A new study has shown that potato chips are as addictive as hard drugs, and the habit is hard to quit. In a new U.K. special “Secrets of Our Favourite Snacks,” Dr. Tony Goldstone of Imperial College London revealed the results of a new study in which he compared the brain activity of snack eaters and drug addicts.
Chips can be addictive just like anything else. I think it is because you really like the taste and so, you will want it more and more. Whenever I buy chips, I buy the really small packages that are available here and I seldom buy chips and other junk foods to avoid getting hooked on this kind of foods.
4. Potato chips may be addictive. I know I made a joke about being a “chip addict,” but numerous studies show that tasty foods can activate the “reward systems” in our brains. These “reward systems” are the reasons why the term “comfort food” exists. They are also the reason why drug addiction exists.
And it’s not entirely your fault that the intended final handful of chips was not, indeed, your last for that snacking session. Many common snack foods have been expertly engineered to keep us addicted, almost constantly craving more of whatever falsely satisfying manufactured treat is in front of us.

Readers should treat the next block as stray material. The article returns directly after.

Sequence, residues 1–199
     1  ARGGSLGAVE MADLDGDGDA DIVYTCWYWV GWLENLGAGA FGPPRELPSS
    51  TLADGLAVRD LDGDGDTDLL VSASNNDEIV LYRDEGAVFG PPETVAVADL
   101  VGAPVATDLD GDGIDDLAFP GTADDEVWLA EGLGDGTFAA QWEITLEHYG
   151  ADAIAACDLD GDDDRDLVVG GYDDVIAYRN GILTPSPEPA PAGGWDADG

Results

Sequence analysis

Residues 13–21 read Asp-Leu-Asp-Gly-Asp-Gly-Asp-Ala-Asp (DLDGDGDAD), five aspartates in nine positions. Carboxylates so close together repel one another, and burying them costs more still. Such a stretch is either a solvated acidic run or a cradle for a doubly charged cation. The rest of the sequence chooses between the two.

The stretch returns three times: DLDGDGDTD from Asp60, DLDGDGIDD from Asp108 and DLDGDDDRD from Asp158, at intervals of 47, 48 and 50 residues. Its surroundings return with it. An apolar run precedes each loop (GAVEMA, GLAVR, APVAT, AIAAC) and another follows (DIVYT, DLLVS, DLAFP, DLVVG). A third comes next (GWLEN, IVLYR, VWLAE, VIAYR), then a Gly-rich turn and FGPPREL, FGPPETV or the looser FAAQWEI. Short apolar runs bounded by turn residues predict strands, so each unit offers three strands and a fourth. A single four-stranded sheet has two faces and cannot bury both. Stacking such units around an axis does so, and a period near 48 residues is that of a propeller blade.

Not surprisingly, most of the foods rated as addictive were processed foods. These foods were usually high in sugar or fat — or both. The number following each food is the average score given in the study mentioned above, on a scale of 1 (not at all addictive) to 7 (extremely addictive).
Acrylamides were also found in baked chips. If you are trying to lose weight, eating potato chips often may hinder you from reaching your goals. You may have to work out harder or walk more to burn off those extra calories if you are eating chips often. Chips may be addictive to some people. Overall, try to eat less potato chips (french fries too).
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